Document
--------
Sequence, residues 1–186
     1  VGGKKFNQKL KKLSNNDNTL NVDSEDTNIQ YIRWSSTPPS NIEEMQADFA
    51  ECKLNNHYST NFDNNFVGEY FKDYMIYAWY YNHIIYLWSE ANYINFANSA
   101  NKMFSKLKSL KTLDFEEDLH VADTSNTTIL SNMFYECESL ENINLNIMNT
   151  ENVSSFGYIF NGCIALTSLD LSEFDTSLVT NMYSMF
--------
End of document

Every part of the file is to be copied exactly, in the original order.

Sequence, residues 1–186
     1  VGGKKFNQKL KKLSNNDNTL NVDSEDTNIQ YIRWSSTPPS NIEEMQADFA
    51  ECKLNNHYST NFDNNFVGEY FKDYMIYAWY YNHIIYLWSE ANYINFANSA
   101  NKMFSKLKSL KTLDFEEDLH VADTSNTTIL SNMFYECESL ENINLNIMNT
   151  ENVSSFGYIF NGCIALTSLD LSEFDTSLVT NMYSMF